The S&P entered “officia” bear market territory on Oct. 4. Why on Oct. 4? For the first time, since early 2009, the bellwether index declined more than 20%. Most of Wall Street considers a 20% decline to be a bear market indicator.
The “astute” financial media agrees. Here are some headlines from October 4:
Reuters: “S&P enters bear market territory”
TheStreet: “S&P falls to the bears”
Wall Street Journal: “Market nears bear territory”
TheStreet: “You haven’t seen anything yet’ as stocks sink, economies falter”
Reuters: “Bernanke says Fed ready to do more to aid economy”
How to Define a Bear Market
The S&P wasn’t ready to deliver on the media’s assessment of a bear market. But is the recent melt up just a “too fast, too far” flash in the pan, or does it have staying power?
There are various ways to define a bear market. Only a few of them are proactive measures, while most of them are inaccurate and lagging definitions.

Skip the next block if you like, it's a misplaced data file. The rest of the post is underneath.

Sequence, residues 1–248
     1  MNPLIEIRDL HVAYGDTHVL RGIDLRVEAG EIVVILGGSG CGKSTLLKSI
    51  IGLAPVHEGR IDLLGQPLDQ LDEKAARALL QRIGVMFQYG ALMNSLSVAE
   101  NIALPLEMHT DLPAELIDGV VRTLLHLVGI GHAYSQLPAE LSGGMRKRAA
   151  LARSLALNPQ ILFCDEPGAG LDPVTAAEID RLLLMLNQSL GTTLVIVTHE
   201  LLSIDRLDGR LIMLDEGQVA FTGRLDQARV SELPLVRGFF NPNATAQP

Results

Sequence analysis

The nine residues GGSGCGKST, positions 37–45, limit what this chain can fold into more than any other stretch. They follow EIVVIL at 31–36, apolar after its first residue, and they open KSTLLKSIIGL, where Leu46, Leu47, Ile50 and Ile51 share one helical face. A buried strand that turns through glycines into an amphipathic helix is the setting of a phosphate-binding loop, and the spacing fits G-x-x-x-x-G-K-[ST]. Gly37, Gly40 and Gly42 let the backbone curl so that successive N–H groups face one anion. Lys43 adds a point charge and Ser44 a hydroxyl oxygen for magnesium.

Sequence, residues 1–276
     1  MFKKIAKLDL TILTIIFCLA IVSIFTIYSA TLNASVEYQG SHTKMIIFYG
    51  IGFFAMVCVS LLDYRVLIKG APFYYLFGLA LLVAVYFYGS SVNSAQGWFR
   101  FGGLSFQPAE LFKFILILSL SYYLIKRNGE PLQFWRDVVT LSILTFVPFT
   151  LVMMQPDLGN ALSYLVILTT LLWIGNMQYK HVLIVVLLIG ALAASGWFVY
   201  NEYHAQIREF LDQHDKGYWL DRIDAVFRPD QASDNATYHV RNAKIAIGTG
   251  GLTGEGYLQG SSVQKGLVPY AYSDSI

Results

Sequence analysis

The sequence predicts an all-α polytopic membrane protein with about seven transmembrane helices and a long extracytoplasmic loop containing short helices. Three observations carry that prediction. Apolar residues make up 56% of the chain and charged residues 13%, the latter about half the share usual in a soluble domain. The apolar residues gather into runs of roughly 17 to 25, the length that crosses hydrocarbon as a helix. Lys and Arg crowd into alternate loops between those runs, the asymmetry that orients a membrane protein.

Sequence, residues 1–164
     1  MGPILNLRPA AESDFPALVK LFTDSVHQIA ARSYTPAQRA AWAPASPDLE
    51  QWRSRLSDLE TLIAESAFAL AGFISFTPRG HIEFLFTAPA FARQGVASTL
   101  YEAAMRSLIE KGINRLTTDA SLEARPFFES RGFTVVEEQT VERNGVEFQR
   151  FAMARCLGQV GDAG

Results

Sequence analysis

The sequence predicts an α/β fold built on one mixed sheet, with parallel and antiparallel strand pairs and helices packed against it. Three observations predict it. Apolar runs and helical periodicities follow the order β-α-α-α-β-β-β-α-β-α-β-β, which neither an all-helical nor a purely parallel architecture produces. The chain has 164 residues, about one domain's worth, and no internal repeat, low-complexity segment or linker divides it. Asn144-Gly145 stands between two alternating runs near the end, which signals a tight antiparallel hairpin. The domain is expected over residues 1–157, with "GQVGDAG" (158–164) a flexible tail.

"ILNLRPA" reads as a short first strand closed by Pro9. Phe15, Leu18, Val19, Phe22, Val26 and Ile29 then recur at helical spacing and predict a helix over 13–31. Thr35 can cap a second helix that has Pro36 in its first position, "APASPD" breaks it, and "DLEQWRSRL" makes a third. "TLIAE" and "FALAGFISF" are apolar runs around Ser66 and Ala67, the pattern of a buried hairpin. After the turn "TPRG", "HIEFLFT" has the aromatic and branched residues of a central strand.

We don’t think there’s a cookie cutter approach to identifying a bear market. Every market top (and the subsequent bear market) is as unique as a hurricane (or another natural disaster):
You can use various data to predict the outcome to the best of your ability, but you never know for sure until after the fact. No matter how serious and credible the warnings signs are, there will always be people stubborn enough to fight the forces of nature (or the markets).
We use a dual confirmation method to identify a market top and bear market: